Earlier this month, I spent two days attending the regional conference of The National Council of Teachers of Mathematics (NCTM) in Philadelphia. Having such a constant focus on math and being surrounded by teachers, instructional coaches, researchers, and product designers and developers was wonderful. Sessions and workshops spanned a variety of topics, from implementing a math workshop model in the classroom to teaching math for social justice.
Across these diverse workshop topics, I was surprised at the common theme that emerged. NCTM presenters repeatedly addressed the persistent culture of math anxiety and aversion and named it as both an obstacle and a priority. This thread wove through every activity, lecture, and informal conversation—from publishers who promised their materials would make math accessible and ease anxiety, to social researchers exploring how gender, race, and culture impact children’s math experiences and investigating the intensified math anxiety experienced by students with learning challenges. In my role as math resource teacher, I do hear students say, "I'm just bad at math," and "Ugh, I hate math!" But, seeing math anxiety viewed as a major hindrance to student math success—at all levels, all over the country—was stunning.
What’s the Answer?
When teachers think about designing math programs, we focus on achievement, think about assessment, and work hard to differentiate in our classrooms to meet all students where they are. Ensuring a healthy emotional state is not necessarily at the top of the to-do list. Yet the mandate was clear: creating a successful math classroom has to include attention to the emotional climate for all students and offer healing opportunities for kids whose math anxiety tells them they can’t do it.
Negative emotions around math need to be directly addressed and decreased first, so that all students will be more engaged, become independent drivers of their own learning, and make the most of their strengths. We want our students to view the math classroom as a safe space for high level thinking, risk taking, problem solving, and mistake making. But, we have to teach, model, and nurture those skills within a math context.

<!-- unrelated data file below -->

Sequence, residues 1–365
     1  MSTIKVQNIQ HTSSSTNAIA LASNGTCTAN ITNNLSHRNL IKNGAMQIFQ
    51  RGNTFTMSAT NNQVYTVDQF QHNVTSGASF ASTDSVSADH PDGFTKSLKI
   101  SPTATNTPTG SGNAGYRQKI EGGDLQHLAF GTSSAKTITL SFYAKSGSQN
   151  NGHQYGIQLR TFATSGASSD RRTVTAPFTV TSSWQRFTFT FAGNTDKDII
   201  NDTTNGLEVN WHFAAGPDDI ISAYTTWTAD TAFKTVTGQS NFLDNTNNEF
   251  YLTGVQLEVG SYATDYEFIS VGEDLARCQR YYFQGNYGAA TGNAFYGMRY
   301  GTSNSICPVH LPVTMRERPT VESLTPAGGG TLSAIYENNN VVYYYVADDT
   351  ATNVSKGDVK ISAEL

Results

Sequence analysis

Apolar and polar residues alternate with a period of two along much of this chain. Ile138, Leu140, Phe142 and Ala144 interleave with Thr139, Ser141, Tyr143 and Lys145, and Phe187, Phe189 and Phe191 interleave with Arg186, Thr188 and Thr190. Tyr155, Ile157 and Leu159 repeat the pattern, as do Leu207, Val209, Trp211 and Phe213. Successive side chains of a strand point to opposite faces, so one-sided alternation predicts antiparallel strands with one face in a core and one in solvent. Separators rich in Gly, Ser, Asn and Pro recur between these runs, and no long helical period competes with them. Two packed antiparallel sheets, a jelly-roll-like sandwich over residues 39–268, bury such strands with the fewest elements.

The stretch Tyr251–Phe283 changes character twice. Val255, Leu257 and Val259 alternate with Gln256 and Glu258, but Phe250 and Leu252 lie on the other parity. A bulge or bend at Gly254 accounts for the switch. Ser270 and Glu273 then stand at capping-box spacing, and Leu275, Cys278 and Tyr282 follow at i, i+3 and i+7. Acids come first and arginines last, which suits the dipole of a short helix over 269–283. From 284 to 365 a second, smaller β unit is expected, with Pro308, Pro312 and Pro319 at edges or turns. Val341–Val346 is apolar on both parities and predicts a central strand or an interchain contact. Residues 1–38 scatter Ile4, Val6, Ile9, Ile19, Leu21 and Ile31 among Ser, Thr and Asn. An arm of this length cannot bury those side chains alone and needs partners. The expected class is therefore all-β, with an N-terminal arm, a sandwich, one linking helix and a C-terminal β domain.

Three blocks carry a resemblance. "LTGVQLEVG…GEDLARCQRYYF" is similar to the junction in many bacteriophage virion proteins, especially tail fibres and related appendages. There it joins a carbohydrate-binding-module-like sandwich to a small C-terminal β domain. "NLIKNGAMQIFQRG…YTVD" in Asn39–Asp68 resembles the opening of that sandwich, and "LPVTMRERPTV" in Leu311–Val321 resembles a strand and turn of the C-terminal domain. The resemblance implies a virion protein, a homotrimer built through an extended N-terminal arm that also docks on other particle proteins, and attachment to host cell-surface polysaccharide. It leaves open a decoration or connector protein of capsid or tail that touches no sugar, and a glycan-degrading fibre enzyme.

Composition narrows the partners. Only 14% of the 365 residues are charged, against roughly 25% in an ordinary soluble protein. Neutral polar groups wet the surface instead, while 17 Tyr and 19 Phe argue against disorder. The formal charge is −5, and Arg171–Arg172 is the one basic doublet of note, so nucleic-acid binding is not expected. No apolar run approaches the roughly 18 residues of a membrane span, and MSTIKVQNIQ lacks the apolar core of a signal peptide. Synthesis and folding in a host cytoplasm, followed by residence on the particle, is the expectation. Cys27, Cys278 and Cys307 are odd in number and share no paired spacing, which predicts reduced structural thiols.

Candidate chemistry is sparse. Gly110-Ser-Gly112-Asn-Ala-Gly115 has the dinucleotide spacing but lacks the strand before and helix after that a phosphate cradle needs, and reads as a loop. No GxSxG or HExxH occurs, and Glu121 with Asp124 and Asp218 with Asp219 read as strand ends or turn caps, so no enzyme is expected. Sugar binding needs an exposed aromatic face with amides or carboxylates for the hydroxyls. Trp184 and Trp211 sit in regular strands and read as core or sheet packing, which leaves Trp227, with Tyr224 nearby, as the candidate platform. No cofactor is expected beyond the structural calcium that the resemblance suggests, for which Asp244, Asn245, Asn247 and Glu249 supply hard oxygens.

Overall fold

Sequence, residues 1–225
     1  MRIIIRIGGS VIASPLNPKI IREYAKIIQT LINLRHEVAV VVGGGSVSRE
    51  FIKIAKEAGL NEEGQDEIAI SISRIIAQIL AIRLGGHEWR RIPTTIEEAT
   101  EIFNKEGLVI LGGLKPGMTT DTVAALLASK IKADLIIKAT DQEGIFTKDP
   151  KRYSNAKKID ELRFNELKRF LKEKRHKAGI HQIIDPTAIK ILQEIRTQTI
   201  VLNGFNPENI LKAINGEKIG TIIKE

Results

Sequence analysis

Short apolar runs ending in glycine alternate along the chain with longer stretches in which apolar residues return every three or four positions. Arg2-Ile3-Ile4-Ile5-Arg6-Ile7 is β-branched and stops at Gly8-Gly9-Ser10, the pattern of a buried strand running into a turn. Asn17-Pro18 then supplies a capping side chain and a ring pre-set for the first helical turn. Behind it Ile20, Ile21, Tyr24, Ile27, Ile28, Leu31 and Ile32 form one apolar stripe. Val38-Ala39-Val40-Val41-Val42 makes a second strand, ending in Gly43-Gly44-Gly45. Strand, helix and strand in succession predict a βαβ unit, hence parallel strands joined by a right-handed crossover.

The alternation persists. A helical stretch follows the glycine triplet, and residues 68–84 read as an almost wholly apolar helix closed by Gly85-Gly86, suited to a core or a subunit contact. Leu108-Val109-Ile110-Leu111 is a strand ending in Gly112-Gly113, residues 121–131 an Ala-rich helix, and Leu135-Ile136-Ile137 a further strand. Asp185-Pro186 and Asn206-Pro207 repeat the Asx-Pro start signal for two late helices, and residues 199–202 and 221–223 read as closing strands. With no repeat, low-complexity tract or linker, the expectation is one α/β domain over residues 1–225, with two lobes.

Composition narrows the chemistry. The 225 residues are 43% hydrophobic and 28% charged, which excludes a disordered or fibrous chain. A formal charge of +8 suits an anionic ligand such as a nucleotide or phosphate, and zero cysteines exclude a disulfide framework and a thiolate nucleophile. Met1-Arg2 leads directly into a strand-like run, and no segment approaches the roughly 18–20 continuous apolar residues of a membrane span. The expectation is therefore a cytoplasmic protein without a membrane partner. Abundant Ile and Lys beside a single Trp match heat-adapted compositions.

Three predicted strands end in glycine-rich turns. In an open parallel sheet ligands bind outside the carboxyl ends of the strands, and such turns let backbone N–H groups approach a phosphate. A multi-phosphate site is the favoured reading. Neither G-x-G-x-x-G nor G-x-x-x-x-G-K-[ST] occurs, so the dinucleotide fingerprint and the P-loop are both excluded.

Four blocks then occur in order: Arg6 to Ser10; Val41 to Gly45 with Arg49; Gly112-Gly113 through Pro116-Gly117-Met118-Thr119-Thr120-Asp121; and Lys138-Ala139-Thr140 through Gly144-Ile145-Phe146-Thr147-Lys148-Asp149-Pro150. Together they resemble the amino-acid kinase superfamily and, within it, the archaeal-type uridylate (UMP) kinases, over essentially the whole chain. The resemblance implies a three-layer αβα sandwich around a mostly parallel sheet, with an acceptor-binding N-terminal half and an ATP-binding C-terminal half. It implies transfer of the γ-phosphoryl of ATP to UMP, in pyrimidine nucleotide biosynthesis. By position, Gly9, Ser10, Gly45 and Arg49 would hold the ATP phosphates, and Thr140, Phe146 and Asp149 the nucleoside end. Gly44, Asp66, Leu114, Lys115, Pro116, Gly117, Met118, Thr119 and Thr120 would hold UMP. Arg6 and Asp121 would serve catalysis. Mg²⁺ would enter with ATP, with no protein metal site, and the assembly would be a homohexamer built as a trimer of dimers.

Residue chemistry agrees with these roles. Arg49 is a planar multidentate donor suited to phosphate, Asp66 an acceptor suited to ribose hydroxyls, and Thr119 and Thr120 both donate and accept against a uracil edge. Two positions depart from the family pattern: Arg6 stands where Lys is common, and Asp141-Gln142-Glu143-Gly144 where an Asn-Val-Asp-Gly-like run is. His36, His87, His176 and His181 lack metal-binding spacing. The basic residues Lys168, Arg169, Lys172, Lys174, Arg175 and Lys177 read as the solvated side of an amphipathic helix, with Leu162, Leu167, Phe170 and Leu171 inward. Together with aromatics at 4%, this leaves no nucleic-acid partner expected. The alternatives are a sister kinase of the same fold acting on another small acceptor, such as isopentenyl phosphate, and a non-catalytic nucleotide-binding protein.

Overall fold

A Call to Action
Seeing math aversion as a powerful force that can undermine daily work in the math classroom felt like a call to action. During the two day conference, there were many moments when I identified best practices that Lowell already uses to address math anxiety. For example, at Lowell we work to create and nurture a growth mindset in all our students. This means helping them see the difference between not knowing something and not knowing something yet, and then giving students the space and time and confidence to acquire that knowledge.
Still, there is always room for growth, and there are additional action steps we can take both at home and school to help.
Ideas for Teachers
- Follow a math workshop model in the classroom. This way, you can deliver flexible instruction in very small groups.
- Begin lessons with well-organized warm-ups that have multiple correct answers and take time to seek several perspectives. Starting this way sets the tone for the class.
- Allow students plenty of think time so they grow accustomed to figuring things out independently. Get out of the habit of “rescuing” students too soon.
- Leave space for reflection after a lesson. Encourage risk-taking and deep listening so students benefit from others’ strategies and solutions.
- Set clear expectations for materials, procedures, and transitions within the math workshop space, so students feel more confident about how to proceed.
- Experiment with technology that can support learners, lessen the amount of writing and other activities that might be a challenge, and help students see the math concepts a new way.
- Provide a scaffold of support and direct modeling for students on how to ask for clarification and share ideas in the math classroom. “I see how you solved that; here’s what I did instead…” or “Can you explain how you did that?”
Ideas for Parents
- Connect students to real-life math applications that mean something to them—building scale models, leaving a tip at a restaurant—so they see math alive outside the classroom.
- Allow your child plenty of think time so they grow accustomed to figuring things out independently. Get out of the habit of “rescuing” your child when they don’t get to an answer immediately.
- Enjoy math with your child. There are many games you can play together to keep it fun—dominoes and backgammon are two.
- Relate your child’s interests to math. Does your child follow sports or politics? Plenty of math there! If your child likes gaming, learning to code might be a win-win.
- Commit to being math-positive in your language with children. It may seem supportive to say, “I wasn’t good at math either at your age” or “You get it from me, I don’t like math either,” but this language reinforces a fixed mindset and validates the anxiety a child might already feel. Instead, be a math myth-buster and use language that encourages children to persist, try different problem-solving strategies, and ask for help when needed. Read more about How to Make Sure Your Math Anxiety Doesn't Make Your Kids Hate Math.